EPIGENETICS

Epigenetics involves reversible modifications of the DNA (methylation of the base cytidine) and the chromosome-associated proteins (histones). These so-called epigenetic changes can lead to inactivation of the affected chromosome sections. This epigenetic mode of gene regulation usually serves to respond to changing environmental conditions (temperature, light, food). Although epigenetic changes are usually reset after the end of a stressful situation, they can sometimes be passed on to the next generation.

As with RNA interference (RNAi), double-stranded RNA (dsRNA) plays a key role in the establishment of new epigenetic features. In addition, mutations that result in a defective RNAi mechanism have epigenetic anomalies. There is therefore a direct correlation between the RNAi and epigenetic changes. As part of the research focus "RNA-mediated gene regulation", we try to elucidate the interactions between RNAi and epigenetic processes using genetic and biochemical approaches.

Current Projects

Characterization of the RNA-directed DNA methylation mechanism
German Research Foundation (DFG), Project number: Wa1019 / 8-1, Running time: 01/2012-12/2014

The project is still continued by in-house funding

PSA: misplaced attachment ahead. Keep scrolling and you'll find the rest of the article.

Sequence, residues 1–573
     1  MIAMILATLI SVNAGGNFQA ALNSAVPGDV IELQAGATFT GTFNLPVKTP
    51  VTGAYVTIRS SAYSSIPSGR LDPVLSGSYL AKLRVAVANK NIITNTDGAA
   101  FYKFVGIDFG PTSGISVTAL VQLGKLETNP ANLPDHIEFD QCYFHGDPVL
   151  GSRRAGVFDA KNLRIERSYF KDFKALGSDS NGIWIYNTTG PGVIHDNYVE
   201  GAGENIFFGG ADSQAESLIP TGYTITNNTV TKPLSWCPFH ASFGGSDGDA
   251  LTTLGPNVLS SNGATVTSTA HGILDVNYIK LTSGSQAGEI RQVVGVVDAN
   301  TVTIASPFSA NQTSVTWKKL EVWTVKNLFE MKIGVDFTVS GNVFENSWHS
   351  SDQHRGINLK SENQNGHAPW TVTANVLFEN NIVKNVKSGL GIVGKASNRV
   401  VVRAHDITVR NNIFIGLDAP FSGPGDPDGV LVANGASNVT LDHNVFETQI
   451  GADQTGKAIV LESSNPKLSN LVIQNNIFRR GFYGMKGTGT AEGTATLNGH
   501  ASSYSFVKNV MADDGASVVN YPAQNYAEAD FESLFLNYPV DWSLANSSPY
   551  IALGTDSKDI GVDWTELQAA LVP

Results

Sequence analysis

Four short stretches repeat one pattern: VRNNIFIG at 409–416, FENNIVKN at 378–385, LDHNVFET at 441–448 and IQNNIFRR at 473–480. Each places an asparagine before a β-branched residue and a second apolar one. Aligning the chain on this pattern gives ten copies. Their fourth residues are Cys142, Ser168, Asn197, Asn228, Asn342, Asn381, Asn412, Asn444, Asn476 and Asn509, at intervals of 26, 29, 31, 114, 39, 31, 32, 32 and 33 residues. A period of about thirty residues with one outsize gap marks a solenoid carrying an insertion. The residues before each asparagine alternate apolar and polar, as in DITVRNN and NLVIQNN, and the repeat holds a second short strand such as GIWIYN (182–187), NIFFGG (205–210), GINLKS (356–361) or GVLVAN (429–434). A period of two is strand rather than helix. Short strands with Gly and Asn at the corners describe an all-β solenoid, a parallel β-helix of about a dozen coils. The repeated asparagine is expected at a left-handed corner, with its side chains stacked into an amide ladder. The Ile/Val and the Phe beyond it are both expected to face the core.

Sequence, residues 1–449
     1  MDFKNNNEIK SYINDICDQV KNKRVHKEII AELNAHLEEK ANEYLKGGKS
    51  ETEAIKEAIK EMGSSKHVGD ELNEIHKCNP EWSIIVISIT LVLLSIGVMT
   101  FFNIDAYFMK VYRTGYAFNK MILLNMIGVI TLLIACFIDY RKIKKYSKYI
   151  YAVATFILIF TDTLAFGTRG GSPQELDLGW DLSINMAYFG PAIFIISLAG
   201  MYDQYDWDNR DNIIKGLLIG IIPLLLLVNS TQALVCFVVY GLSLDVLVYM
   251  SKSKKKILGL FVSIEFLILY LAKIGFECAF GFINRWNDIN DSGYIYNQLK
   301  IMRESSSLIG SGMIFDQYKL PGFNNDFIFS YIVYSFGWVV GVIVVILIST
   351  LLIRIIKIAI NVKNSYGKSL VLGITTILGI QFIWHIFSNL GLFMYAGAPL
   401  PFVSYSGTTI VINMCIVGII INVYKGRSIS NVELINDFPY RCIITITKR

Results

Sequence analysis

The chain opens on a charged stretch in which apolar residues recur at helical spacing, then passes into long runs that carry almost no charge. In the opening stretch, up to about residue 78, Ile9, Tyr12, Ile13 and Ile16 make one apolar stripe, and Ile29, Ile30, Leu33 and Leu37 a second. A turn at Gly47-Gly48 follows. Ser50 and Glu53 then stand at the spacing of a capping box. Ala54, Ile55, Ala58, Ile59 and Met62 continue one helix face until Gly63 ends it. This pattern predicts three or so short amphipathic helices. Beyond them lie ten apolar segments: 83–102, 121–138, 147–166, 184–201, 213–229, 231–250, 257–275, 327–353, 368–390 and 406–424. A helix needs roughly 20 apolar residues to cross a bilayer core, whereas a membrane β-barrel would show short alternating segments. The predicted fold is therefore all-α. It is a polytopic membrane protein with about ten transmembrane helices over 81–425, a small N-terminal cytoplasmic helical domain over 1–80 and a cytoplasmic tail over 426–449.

In plants, genomic DNA regions can be de novo methylated using RNA-directed DNA methylation (RdDM) (Wassenegger et al., 1994). During this process, the de novo methylation machinery is guided by double-stranded RNA (dsRNA) molecules (triggers) to homologous DNA (target). In regions which are homologous to the dsRNA, cytosines (C) are methylated in all sequence variants (CG, CHG and CHH, G = guanine, H = adenine, thymine or cytosine) (PĂ©lissier et al., 1999). It is believed that 24 nucleotide long small interfering RNAs (24-nt siRNAs) direct the methylation machinery to the target sequences. However, our work to date indicates that longer dsRNA molecules act as guiding RdDM RNAs (Dalakouras and Wassenegger, 2013, Dalakouras, et al., 2016) (Figure 1).

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